At a time when four Scottish party leaders are gay, and the new Westminster parliament included a record number of LGBTQ MPs, the political world is making progress in promoting equality. But education, it seems, has not kept up. According to research from LGBT rights campaigners Stonewall, 40 per cent of LGBT pupils across the UK reported being taught nothing about LGBT issues at school. Among trans students, 44 per cent said school staff didn’t know what "trans" even means.

The need for teacher training and curriculum reform is at the top of campaigners' agendas. "We're disappointed but not surprised by this example," says Jordan Daly, the co-founder of Time for Inclusive Education [TIE]. His grassroots campaign focuses on making politicians and wider society aware of the reality LGBTI school students in Scotland face. "We're in schools on a monthly basis, so we know this is by no means an isolated incident." 

Studies have repeatedly shown a startling level of self-harm and mental illness reported by LGBTI school students. Trans students are particularly at risk. In 2015, Daly and colleagues began a tour of schools. Shocking stories included one in which a teacher singled out a trans pupils for ridicule in front of the class. More commonly, though, staff told them the same story: we just don't know what we're allowed to say about gay relationships.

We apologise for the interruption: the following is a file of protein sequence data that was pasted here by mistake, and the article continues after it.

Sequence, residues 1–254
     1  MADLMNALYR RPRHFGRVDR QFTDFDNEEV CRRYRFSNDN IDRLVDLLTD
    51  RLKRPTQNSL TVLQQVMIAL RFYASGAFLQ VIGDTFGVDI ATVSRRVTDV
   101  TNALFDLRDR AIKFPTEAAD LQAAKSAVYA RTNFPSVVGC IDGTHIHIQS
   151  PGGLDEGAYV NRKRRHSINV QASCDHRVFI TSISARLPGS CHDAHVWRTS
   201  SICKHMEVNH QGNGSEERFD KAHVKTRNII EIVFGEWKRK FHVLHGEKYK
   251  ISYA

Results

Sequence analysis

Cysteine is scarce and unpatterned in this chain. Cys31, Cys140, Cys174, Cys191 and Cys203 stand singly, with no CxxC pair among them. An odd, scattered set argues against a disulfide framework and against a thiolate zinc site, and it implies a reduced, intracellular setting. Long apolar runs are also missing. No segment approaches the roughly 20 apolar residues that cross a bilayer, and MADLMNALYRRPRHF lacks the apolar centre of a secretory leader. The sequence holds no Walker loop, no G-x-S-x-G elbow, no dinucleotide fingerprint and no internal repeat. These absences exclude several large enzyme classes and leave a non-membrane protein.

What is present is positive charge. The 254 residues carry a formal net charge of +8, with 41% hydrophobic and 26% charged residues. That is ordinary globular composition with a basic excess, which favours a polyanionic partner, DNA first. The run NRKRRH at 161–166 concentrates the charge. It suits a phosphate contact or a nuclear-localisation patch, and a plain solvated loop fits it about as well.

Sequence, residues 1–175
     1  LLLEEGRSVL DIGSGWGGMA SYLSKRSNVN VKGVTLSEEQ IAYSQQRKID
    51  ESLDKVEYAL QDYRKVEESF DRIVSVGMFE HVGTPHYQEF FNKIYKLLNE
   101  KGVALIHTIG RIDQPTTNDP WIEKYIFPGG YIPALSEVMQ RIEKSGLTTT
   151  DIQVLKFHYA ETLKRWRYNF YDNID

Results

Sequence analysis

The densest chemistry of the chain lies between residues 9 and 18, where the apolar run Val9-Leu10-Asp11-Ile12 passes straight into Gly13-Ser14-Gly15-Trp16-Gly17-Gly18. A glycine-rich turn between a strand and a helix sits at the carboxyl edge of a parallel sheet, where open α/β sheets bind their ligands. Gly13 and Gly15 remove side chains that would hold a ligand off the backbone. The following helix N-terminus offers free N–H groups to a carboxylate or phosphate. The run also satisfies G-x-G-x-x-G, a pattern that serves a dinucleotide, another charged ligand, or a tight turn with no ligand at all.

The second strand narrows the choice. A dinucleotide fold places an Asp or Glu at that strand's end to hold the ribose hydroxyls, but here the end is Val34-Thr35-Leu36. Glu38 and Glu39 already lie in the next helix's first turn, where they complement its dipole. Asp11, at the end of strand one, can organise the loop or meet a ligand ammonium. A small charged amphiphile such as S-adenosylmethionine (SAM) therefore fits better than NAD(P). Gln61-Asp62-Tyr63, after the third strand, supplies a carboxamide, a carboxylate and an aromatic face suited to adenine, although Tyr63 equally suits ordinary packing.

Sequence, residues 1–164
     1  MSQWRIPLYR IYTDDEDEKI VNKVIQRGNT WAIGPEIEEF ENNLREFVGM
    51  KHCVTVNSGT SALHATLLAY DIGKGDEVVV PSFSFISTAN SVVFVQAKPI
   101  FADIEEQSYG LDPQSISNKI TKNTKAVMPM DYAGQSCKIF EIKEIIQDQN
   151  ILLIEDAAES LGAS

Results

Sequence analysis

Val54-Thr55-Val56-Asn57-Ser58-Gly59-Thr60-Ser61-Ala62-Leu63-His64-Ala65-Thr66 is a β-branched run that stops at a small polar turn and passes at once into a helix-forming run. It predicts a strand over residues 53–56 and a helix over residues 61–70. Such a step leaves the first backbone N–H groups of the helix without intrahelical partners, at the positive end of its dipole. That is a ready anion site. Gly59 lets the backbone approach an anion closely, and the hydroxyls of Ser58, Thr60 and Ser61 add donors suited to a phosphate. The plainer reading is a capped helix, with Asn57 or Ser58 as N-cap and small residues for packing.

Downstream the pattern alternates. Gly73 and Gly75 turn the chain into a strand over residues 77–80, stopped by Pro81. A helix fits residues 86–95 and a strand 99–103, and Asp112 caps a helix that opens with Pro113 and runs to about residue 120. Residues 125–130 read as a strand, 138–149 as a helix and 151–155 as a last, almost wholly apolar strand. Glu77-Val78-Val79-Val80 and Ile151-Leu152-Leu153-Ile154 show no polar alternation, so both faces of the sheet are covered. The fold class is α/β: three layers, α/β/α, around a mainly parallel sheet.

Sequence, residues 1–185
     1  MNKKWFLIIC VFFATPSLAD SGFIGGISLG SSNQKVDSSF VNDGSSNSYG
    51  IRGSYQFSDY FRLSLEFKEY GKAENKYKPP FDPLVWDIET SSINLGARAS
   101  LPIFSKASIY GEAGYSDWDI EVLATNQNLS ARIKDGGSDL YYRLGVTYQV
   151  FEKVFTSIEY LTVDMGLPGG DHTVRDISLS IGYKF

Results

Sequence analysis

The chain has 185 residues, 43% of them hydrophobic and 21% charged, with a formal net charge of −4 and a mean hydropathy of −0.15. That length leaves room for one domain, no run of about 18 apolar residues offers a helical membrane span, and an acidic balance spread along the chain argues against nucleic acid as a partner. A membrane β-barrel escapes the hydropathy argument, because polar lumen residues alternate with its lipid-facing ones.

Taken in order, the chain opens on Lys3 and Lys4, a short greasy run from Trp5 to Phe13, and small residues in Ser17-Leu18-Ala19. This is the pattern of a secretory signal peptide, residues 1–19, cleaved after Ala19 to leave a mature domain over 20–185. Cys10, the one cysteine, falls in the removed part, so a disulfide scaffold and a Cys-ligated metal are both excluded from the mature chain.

This is the point, according to Daly - retraining, or rather the lack of it. For some of those teachers trained during the 1980s and 1990s, when Section 28 prevented local authorities from "promoting homosexuality", confusion still reigns about what they can and cannot teach - or even mention in front of their pupils. 

The infamous clause was specific in its homophobia: the "acceptability of homosexuality as a pretended family relationship" could not be mentioned in schools. But it's been 17 years since the clause was repealed in Scotland - indeed, it was one of the very first acts of the new Scottish Parliament (the rest of the UK followed suit three years later). Why are we still hearing this archaic language?